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Research Papers

Modeling of Contact and Stiction in Electrostatic Microcantilever Actuators

[+] Author and Article Information
C. P. Vyasarayani1 n2

Systems Design Engineering,  University of Waterloo, Waterloo, ON, N2L 3G1, Canadacpvyasar@engmail.uwaterloo.ca

Eihab M. Abdel-Rahman, John McPhee

Systems Design Engineering,  University of Waterloo, Waterloo, ON, N2L 3G1, Canada

1

Corresponding author.

2

Present address: Indian Institute of Technology Hyderabad, Ordnance Factory Estate, Yeddumailaram 502205, Andhra Pradesh, India.

J. Nanotechnol. Eng. Med 3(1), 011003 (Aug 10, 2012) (8 pages) doi:10.1115/1.4006618 History: Received January 25, 2012; Revised April 02, 2012; Published August 10, 2012; Online August 10, 2012

A dynamic model of a microcantilever actuator is developed to simulate the events of contact, impact, stiction, and pull-off from the substrate. The model accounts for geometric, electrostatic, adhesive, and contact nonlinearities. The model is validated by comparison to experimental data and other analytical model predictions. We find that microcantilever electrostatic microelectromechanical (MEMS) actuators can exhibit bistable and tristable equilibrium configurations. We also find that the transients subsequent to pull-in play an important role in determining whether or not stiction will occur.

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Copyright © 2012 by American Society of Mechanical Engineers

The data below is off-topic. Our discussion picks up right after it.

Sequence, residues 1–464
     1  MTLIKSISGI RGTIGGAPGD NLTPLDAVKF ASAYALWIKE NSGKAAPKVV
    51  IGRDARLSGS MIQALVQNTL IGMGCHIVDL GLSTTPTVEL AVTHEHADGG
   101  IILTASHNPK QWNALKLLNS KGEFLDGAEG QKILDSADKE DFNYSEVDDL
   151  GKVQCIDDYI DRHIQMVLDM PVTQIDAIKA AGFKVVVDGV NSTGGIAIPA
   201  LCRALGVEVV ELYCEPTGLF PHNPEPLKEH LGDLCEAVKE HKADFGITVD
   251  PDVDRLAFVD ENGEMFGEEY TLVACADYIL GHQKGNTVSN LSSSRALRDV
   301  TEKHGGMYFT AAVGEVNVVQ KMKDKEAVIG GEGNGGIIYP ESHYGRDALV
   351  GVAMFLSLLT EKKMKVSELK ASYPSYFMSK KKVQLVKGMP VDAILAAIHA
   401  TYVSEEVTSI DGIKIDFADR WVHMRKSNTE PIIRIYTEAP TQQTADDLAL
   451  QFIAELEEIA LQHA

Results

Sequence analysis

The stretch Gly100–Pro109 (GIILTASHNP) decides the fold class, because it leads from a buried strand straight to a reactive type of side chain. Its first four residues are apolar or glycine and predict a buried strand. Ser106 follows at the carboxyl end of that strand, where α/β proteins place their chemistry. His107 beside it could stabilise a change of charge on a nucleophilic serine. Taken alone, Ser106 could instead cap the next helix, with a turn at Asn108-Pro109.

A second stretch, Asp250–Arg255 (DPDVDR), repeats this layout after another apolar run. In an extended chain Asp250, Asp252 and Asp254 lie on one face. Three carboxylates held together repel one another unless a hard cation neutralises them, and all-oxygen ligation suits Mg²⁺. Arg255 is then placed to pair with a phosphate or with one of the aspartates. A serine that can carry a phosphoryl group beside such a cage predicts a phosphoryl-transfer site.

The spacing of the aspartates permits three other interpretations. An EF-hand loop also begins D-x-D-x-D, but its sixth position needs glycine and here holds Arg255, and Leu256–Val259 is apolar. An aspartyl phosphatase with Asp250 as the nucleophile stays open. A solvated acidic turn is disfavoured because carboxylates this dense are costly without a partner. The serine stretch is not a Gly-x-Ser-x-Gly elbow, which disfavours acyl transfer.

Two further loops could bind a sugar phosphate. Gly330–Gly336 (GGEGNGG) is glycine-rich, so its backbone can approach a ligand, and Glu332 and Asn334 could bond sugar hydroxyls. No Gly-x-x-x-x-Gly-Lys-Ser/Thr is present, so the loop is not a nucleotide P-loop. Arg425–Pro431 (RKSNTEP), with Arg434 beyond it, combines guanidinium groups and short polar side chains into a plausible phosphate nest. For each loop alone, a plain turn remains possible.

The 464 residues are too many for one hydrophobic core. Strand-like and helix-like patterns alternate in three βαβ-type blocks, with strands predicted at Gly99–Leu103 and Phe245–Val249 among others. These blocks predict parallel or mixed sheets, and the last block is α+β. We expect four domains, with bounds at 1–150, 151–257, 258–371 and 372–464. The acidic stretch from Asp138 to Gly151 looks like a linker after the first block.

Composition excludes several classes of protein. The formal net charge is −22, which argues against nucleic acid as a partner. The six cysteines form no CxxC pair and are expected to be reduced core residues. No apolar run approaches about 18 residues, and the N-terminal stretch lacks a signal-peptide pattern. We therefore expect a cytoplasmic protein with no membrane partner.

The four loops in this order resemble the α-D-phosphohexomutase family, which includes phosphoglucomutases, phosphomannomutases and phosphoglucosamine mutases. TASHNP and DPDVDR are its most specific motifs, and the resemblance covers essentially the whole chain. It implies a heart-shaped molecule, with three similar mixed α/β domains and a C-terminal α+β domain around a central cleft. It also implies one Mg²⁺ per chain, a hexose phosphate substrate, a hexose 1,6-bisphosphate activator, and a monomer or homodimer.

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References

Figures

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Figure 7

The (a) normalized natural frequency and (b) the contact length (lc ) of the beam during a backward voltage sweep for six levels of adhesion energy

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Figure 8

The (a) normalized natural frequency and (b) the contact length (lc ) of the beam during a forward voltage sweep for six levels of adhesion energy

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Figure 9

The (a) normalized natural frequency and (b) the contact length (lc ) of the beam subsequent to pull-in during a backward sweep of adhesion energy and 0 V drop

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Figure 10

The cantilever tip height above the substrate for the waveforms ν(t) = 1.2[H(t) − H(t − 2)] V and ν(t) = 1.8[H(t) − H(t − 2)] V and adhesion energy of 6 μJ/m2

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Figure 6

The beam deflection in the presence of surface adhesion (a) obtained analytically, Eq. 21, and numerically, Eq. 13, and (b) the difference between the analytical and numerical solutions

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Figure 5

The three stable static deflections of the beam in the tristable region at Vdc  = 36 V

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Figure 4

The (a) normalized natural frequency of the beam and (b) the dimensionless contact length (lc ) of the beam as functions of voltage

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Figure 3

Comparison of tip deflection at different voltages. The parameters [28] of the microbeam are E = 155 GPa, ρ = 2333 kg/m3 , L = 20 mm, b = 5 mm, h = 52 μm, d2  = 92 μm, a1  = 0, a2  = L, ɛ=8.85×10-12F/m.

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Figure 2

Stress–displacement curve at the interface of beam and the substrate due to adhesive and contact forces. A schematic of the cross section of the beam and the substrate are also shown for different values of the gap.

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Figure 1

Cantilever MEMS beam along with the foundation model for the substrate

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